b.1892 – d.1911
Frederick was born on 4th May 1892 at 30, St Albans Street, Lambeth. According to the 1911 census, he was the sixth of fifteen children born to William John Arthur Wilson and Georgina Elizabeth Cullen and was baptised on 26th June 1892 at St Mary’s Church, Lambeth, his Father William is shown as a Policeman.
The family siblings:
- Georgina Emily 1885-1889
- Grace Dangerfield 1887-1942
- James Campbell 1888-1953
- Thomas Arthur 1889-?
- Florence Lucy 1891-1940
- Frederick Leon 1892-1911
- John Creighton 1893-1913
- Louise Mary 1895-1957
- William 1898-1899
- Mary Ethel 1899-1977
- Alfred George 1901-?
- Edward Ernest 1904-1914
- Frank 1907-1907 and his twin
- Emily Dora 1907-1909
Amazingly with 15 children they managed to give most of them two names and some unusual names at that, although poor William and Frank did not fair so well.
William and Georgina were married at St Mary’s Church, Lambeth on 3rd August 1884. William was 25yrs old, born in 1858 in Lambeth son of John Wilson and Mary Emily Dangerfield. Georgina was 21yrs old born in about 1863 in Whitechapel daughter of George Cullen and Eliza Corr.
On his marriage certificate Williams says he is a labourer, their first home together was in St Albans Street, Lambeth which we are told by Booth was “29ft from wall to wall with china pots in the windows but a mess of paper in the street.”
Over the years William’s occupation is shown variously on baptism certificates and census returns first as a Labourer then Policeman, and then later in life as a Drayman’s Mate. William initially joined the Metropolitan Police on 1st February 1886, warrant number 71127.
In the 1891c William is shown as a Metropolitan Police Constable and they are living on Brixton Hill, Lambeth next door to a school, and their neighbours have occupations such as Civil Engineer, Insurance Clerk.
Frederick is born on 4th May 1892 at 30, St Albans Street, Lambeth. The Baptism record for Frederick, confirms they are living at 30 St. Albans Street.
By 1901c the family are living at ‘A-Block-9’, Streets Buildings Southwark and everyone in the building is shown as a Labourer. This address is also shown on brother Alfred George’s Baptism record.
On 31st October 1907 Frederick became an inmate of the Ewell Epileptic Colony when he was just 15 years old. ‘The Epsom Colony’ which had been opened in 1903 to care for the “Epileptic insane of the metropolis” and, in 1907 housed approx. 400 patients who lived in a collection of villas, avoiding the stigma of living in a mental asylum. The treatment consisted of a specially regulated diet and doses of Potassium bromide, the first effective treatment for controlling epilepsy. The patients were expected contribute to their costs by working on the farm or in the kitchens or laundry all of which supported the Epsom cluster hospitals.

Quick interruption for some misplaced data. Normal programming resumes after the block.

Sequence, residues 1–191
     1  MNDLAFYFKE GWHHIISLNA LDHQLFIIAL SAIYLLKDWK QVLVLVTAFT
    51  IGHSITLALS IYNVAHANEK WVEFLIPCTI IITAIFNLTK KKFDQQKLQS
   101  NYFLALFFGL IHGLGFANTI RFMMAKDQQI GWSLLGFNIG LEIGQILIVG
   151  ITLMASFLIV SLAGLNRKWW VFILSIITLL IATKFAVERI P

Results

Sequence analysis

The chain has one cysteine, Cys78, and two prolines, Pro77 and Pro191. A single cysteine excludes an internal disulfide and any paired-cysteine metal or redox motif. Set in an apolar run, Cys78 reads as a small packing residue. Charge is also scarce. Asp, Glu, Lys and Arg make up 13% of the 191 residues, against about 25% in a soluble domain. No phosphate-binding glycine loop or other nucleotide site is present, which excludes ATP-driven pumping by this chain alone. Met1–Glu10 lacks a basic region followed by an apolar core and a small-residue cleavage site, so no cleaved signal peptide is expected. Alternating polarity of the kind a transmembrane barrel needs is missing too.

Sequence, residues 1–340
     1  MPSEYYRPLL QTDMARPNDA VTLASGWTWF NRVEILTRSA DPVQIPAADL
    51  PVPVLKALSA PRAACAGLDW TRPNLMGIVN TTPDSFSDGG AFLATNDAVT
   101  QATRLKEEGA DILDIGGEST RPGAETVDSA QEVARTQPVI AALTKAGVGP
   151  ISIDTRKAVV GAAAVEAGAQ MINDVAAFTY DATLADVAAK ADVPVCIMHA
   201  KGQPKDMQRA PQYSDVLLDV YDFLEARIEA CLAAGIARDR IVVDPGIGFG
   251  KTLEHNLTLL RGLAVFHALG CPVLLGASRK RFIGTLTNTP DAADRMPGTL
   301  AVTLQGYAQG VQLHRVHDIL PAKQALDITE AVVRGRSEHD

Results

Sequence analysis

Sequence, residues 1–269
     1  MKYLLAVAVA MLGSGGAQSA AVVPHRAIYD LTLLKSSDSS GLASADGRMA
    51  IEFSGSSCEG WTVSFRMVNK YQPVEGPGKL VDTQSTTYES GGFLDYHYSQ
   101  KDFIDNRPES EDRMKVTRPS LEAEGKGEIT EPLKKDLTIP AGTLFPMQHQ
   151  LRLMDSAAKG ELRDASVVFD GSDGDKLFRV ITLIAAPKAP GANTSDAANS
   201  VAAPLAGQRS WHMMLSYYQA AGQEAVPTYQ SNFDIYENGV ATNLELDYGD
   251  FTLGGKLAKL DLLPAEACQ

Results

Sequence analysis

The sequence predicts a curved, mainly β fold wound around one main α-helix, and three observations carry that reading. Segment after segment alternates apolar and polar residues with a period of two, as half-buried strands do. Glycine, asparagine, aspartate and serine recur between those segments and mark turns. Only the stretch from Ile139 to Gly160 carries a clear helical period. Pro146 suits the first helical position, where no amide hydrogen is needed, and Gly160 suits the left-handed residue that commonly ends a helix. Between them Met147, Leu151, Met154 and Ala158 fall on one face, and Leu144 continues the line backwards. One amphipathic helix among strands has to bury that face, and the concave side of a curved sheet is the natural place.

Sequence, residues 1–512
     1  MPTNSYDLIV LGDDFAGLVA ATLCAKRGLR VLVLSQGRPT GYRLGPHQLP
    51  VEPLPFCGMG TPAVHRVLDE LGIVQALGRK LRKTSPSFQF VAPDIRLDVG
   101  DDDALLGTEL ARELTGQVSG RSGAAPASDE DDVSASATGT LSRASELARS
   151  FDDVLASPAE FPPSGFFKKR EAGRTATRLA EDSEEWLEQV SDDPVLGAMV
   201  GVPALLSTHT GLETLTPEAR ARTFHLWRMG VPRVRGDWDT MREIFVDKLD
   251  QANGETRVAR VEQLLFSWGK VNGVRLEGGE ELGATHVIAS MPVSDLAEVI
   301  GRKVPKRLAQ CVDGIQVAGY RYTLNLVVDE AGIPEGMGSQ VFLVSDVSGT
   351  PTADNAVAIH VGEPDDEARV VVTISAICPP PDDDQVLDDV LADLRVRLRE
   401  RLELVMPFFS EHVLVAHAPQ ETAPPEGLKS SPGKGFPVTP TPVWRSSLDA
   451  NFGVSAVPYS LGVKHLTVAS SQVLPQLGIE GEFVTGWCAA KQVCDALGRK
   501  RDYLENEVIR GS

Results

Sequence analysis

In 1907 when Frederick entered the hospital, his mother Georgina had just given birth to twins, Emily Dora and Frank and although we believe that several of their children died young they were still supporting a large family with meagre resources. We can only imagine that as Frederick grew older and stronger his family felt unable to deal with his condition and placed him in the care of the hospital.
When the 1911c is taken Frederick is living in ‘The Colony’ and he is shown as “lunatic from birth” although on the 1901c no mention of any disability is made. Possibly his problems had not yet developed or perhaps they were just not mentioned due to the stigma involved.
We have no further information (at this time) about Frederick’s life in the hospital until he died on 29th December 1911, aged 19 yrs, and was buried in Horton Hospital Cemetery, grave number 1189a on 4th January 1912.
When we have access to the records again we will fill this detail out more.
The 1911c shows his family living at 5 Library Mansions, Borough Rd, Southwark and William is a Brewers drayman’s mate. Nine members of the family are sharing a three-room tenement and the neighbours are mainly trade/labourers.
Family After Frederick
Of their remaining children, we know that five married, seven died unmarried and at present two are unaccounted for leaving one unknown to make fifteen.
William John Arthur Wilson died in 1939 and Georgina Elizabeth in 1936 in Southwark.
We do not know why William left the police force sometime in the late 1890s, but it did seem to bring a decline in the family’s situation.
The family lived mainly in the Lambeth/ Southwark area, which were generally poor, with tenements housing high numbers of families living in close proximity leading to the easy spread of diseases. Originally, the area was marshland and prone to flooding and the dirty nature of the industries along the river led to an unhealthy atmosphere particularly after the railways arrived in the mid 1800’s.